• China covers the COVID-19 medical costs for all patients including domestic migrants.
• The payment structure is part of the country’s “wartime” governance.
• It also reflects the long-term institutional transformation of the Chinese healthcare system.
During a pandemic, how medical costs are shared among the state, insurers and patients has a profound impact on individual wellbeing and welfare.
In late January 2020, the Chinese authorities regulated that all COVID-19 patients would have their medical expenses fully covered by social health insurance and public finance. These arrangements make the Chinese government’s commitment to paying COVID-19 medical bills comparable to that of the most generous universal healthcare systems in the world.
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But is the Chinese approach to funding COVID-19 medical care purely a manifestation of the country’s “wartime” governance; or does it reflect some “norms” of the healthcare system?
The case is likely to be a mixture of both. China has rolled out a multi-pillar social health insurance system since the late 1990s, which has elevated the population under coverage from below 5% to a near-universal level since 2011. The generosity of benefits also increased.
In 2017, the share of out-of-pocket payments towards healthcare expenditure in China was 36.05%, slightly better than the middle-income country average and just behind the higher-middle income country average. Obviously, an individual’s payment liability declined to virtually zero when facing the COVID-19 bill, which is attributable to a further welfare expansion in response to a public health crisis. But the country’s long-term transformation in terms of health insurance generosity should not go unnoticed.
Perhaps a more striking observation is the improved welfare equality for domestic migrants. When the whole of China came to a halt in late January, many migrants and travellers were stranded in host cities. Taking Hunan Province as an example, among the 1,019 confirmed COVID-19 cases by 18 June, 821 were local residents, while the remaining 198 patients were originally from other provinces. For these domestic migrant patients, they enjoyed exactly the same level of health benefits as the locals, i.e. free treatment with no requirement of private deposit to hospital accounts.
Anyone who knows about the Chinese political economy would be surprised to see this level of equality emerging from an environment where local policies are known for localism. Scholars have found that since the mid-1990s, local governments have undertaken the primary responsibility of providing public goods. Corresponding to the various levels of economic development, their fiscal capacities differ too. They have been, therefore, unwilling, or unable, to provide coverage for domestic migrants. As a result, migrants often either forewent necessary care, or had to turn to inferior providers.
Widening access to healthcare
The two-decade-long healthcare reform in China has profoundly changed how host places resolve the healthcare needs of migrants. Before COVID-19 hit, migrants could either participate in the social insurance programmes of host places, or tap insurance benefits from the places where they were insured, although subject to a deduction of 10%. During the pandemic, the regulation on reimbursement deduction was removed. But clearly, even before COVID-19, migrants could transfer their benefits to host places. The widening of access to healthcare benefits for migrants is not purely a temporary, disaster-relief aid: instead, it builds on the healthcare system’s long-term transformation.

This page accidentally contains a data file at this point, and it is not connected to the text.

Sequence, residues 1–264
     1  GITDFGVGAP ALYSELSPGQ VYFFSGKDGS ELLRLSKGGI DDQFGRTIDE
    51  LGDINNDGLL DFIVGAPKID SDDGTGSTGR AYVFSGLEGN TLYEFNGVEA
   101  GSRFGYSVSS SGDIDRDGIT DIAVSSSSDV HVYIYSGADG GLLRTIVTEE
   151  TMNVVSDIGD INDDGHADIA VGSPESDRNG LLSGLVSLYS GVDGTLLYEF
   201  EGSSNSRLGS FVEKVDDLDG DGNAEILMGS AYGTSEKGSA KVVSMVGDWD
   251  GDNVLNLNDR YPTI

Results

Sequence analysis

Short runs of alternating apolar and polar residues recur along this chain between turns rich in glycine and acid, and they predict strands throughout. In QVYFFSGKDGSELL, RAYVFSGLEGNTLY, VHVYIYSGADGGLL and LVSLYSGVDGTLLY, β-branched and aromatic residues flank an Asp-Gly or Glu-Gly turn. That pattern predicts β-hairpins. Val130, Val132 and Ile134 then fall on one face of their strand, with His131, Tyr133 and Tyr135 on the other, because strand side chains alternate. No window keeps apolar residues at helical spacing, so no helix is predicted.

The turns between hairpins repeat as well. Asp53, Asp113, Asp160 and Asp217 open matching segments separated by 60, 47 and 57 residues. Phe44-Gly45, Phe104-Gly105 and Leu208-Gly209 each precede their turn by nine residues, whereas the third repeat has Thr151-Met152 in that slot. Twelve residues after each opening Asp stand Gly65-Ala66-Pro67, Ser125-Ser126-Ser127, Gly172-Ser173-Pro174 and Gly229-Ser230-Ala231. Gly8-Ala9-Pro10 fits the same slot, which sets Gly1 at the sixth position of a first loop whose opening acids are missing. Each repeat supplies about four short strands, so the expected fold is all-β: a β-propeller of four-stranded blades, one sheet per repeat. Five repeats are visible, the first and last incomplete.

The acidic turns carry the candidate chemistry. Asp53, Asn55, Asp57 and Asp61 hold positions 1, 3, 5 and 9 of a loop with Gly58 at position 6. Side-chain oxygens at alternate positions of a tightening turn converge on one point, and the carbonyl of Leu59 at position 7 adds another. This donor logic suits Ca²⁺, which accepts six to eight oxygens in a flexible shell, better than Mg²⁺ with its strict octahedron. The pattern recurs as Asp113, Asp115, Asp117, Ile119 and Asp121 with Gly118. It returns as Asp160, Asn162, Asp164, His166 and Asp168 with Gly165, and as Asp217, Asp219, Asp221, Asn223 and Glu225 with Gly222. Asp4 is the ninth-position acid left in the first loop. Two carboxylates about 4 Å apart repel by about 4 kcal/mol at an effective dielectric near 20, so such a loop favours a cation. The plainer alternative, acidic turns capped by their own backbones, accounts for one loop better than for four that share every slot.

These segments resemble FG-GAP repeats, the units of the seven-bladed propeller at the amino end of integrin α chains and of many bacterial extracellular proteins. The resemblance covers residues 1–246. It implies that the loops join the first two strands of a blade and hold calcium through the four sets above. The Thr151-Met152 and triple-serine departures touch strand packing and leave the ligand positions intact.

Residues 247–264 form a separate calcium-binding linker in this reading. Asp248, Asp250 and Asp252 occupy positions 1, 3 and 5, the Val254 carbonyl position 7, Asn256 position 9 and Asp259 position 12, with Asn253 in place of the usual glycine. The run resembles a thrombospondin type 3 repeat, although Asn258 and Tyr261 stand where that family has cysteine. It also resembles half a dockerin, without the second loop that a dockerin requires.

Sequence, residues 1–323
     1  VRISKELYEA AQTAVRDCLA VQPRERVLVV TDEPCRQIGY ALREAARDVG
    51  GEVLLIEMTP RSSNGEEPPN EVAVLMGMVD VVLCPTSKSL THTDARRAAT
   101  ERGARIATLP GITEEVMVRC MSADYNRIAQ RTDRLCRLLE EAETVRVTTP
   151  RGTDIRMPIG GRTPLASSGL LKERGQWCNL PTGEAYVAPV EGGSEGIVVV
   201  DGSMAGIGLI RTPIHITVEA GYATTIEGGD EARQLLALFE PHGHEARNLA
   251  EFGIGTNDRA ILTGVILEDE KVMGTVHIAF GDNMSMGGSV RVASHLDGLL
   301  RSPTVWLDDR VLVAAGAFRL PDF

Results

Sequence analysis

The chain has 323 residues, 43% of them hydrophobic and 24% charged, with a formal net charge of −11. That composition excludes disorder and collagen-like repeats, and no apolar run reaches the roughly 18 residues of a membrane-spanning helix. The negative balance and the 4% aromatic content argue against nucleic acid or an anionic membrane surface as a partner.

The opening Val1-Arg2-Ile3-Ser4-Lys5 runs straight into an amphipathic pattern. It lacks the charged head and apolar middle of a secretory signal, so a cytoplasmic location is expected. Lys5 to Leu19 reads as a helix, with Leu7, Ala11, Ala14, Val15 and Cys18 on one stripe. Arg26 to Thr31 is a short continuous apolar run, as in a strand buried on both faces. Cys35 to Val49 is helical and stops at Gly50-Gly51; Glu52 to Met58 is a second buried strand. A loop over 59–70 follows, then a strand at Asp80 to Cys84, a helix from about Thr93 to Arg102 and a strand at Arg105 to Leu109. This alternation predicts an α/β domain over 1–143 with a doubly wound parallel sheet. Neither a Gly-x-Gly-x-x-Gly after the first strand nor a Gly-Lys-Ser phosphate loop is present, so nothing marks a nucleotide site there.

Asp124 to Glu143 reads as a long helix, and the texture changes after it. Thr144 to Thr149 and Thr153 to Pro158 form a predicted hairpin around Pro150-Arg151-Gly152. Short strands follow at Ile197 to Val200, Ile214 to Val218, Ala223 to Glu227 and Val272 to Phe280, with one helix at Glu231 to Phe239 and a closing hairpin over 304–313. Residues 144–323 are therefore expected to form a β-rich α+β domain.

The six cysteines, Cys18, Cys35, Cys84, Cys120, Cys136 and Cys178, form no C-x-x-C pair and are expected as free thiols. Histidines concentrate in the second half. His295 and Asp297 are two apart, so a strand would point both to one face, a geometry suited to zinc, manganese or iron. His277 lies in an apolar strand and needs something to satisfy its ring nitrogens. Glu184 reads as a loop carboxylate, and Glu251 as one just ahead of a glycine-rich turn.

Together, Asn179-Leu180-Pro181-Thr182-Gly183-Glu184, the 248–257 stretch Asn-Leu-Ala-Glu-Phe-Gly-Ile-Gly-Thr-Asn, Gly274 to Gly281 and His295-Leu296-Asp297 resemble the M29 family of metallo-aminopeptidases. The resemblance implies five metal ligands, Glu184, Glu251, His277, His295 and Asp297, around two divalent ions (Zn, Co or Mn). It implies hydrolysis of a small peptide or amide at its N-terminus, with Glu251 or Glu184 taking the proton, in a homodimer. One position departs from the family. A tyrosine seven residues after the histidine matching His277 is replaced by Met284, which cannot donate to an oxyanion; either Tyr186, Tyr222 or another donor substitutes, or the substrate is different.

So, how has such a long-term transition happened, amid the political legacy of localism? There are various explanations, but the one that stands out is the central government’s increasing role in funding healthcare. Although the Ministry of Finance continues to hold back in subsidising local public hospitals, it takes an aggressive and progressive approach to subsidising insurance premiums, where re-distribution is concerned. In making up the government subsidies, the central government pays for 52% on average. In practice, for the less developed inland provinces, the central government subsidises 80%, whereas in Beijing and Shanghai, the central government subsidies as little as 10%.
Now let us look at a hypothetical COVID-19 patient, a migrant from Yunnan Province receiving treatment in Shanghai. Funding from the local coffers in Yunnan is only 9.29%, the share paid by the Shanghai government is roughly 14%, whereas funding originating from the national treasury adds up to 58.14% . The arrangement for sharing the COVID-19 medical bills neither drains the fiscal capacity of the sending places, nor dampens the interest of host places where the size of migrant population is huge.
In response to the shared challenge from the pandemic, the Chinese experience is of global relevance. We do not intend to argue that a centralised system is better positioned for emergency management. However, for decentralised or devolved health-care systems, coordination between regional governments is crucial for keeping deaths to a minimum, and populations healthy.
A more active role for central finance can provide a useful leverage in incentivising such coordination. Even in Germany, where a strong degree of decentralisation is observed in its COVID-19 policies and the outcome is impressive, the federal government is actively involved in financing local public health services, by announcing a €4 billion stimulus to prop up the chronically underfunded state-level health offices. Facing the heated debate of whether “centralisation” or “decentralisation” works better in the face of a pandemic, policymakers around the word should seek to strike a better balance.